Could Vigorous Exercise Help Those Predisposed to Gaining Weight?
Vigorous exercise may reduce the risk of obesity in people who have a genetic variant that predisposes them to being overweight, according to a new study. Researchers studied DNA samples from 704 healthy Amish adults with an average age 44. About 54 percent of male study participants and 64 percent of female participants were overweight, and 10 percent of men and 31 percent of women were obese. The study, published yesterday in Archives of Internal Medicine, found that those who possessed the genetic variant were no more likely to pack on the pounds than those who had a standard version of the gene, provided they got three to four hours of moderate physical activity—including activities like housecleaning, gardening, and brisk walking—per day, the Associated Press reports. The results suggest that people who have this genetic variant should pay particular attention to getting regular exercise, the researchers said.
Continuous Blood Glucose Monitoring May Benefit Type 1 Diabetics
Those with type 1 diabetes might benefit from a device worn under the skin that measures blood sugar around the clock, according to a new study. The device measures blood glucose levels every five minutes. The continuous glucose monitoring involves a disposable blood sugar sensor placed under the skin that is worn for a few days and then replaced. The sensor sends data to a transmitter, which then communicates the information to a receiver that a person can wear like a pager. The receiver displays continuous blood glucose levels. The study, published online yesterday in the New England Journal of Medicine, found that adults who used continuous glucose monitoring had substantially better control of their diabetes than a comparison group that used conventional, intermittent blood sugar management.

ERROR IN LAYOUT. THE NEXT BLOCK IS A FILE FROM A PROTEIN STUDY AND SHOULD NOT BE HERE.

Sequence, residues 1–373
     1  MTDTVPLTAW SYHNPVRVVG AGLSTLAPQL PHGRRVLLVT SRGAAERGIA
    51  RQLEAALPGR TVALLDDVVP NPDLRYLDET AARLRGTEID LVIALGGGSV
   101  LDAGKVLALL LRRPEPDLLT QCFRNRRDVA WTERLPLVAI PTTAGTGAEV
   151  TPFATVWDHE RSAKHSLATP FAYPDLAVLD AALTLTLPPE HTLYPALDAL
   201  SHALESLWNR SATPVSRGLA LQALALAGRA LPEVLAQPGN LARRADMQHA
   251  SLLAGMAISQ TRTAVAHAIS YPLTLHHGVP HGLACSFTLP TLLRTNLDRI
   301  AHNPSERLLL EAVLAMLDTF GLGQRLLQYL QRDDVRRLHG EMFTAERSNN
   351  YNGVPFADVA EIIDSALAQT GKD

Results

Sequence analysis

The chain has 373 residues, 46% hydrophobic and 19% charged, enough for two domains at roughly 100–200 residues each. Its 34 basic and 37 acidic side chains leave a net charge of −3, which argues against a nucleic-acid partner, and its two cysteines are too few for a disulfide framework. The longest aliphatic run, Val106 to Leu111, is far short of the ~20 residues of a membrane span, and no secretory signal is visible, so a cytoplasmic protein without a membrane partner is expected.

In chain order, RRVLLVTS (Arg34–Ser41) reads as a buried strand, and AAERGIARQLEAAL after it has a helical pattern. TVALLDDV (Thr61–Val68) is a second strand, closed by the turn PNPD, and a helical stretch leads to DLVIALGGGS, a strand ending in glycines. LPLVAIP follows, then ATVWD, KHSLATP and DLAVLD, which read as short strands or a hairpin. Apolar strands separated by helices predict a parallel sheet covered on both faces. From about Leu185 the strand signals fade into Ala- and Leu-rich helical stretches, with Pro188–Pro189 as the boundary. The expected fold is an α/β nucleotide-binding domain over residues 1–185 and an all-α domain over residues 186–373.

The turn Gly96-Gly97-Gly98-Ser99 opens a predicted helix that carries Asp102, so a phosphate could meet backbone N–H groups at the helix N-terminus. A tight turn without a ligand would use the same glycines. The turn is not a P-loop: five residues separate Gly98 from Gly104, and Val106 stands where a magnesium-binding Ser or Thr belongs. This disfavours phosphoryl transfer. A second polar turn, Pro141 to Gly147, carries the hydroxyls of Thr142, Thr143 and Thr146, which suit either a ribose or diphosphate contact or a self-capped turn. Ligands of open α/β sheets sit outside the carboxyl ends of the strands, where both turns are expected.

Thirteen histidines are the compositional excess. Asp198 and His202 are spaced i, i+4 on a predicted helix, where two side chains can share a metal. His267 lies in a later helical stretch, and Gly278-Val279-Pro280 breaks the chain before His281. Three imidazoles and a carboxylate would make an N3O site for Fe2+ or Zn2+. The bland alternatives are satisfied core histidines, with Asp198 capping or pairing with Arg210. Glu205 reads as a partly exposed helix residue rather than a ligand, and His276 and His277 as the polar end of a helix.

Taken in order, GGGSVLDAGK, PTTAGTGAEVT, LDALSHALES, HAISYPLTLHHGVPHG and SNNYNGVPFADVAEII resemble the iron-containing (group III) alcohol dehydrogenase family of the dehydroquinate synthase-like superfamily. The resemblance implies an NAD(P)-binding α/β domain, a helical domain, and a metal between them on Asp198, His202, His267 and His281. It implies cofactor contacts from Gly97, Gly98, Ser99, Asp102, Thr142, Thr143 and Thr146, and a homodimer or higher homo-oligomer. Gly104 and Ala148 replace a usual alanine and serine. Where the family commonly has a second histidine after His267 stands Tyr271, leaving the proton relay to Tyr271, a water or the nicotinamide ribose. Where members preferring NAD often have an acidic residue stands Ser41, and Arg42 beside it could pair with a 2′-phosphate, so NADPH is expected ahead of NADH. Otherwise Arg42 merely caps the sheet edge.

Woman, 59, Gives Birth to Healthy Triplets
A 59-year-old French woman delivered healthy triplets via C-section on Saturday, FoxNews.com reports. The woman traveled to a Vietnamese clinic willing to set aside the age limit of 45 imposed in France for in vitro fertilization. But by carrying multiple fetuses at such an advanced age, the woman certainly faced increased health risks, like diabetes and heart disease—to say nothing of the back and joint pain, Deborah Kotz reports. Childbirth among the 40-something set has tripled since the 1980s, according to a December report issued by the Public Policy Institute of California.
A study published in the July 15 issue of the Journal of the American College of Cardiology found that pregnancy boosts heart attack risk.
Declining Illegal Drug Use Among Teens
An increasing number of teenagers are choosing to steer clear of illegal drugs, with just 9.5 percent indulging in 2007, down from 11.6 percent in 2002, according to new federal statistics. The figures also say 18-to-25-year-olds increased their abuse of OxyContin and other prescription drugs. About 20 to 25 percent of teenagers are at serious risk of having drug and alcohol problems because of a combination of factors, including genetic susceptibility, social influences, and psychological issues, Nancy Shute reports.
U.S. News's Sarah Baldauf offered advice in March on how to protect your kids from substance abuse.
—January W. Payne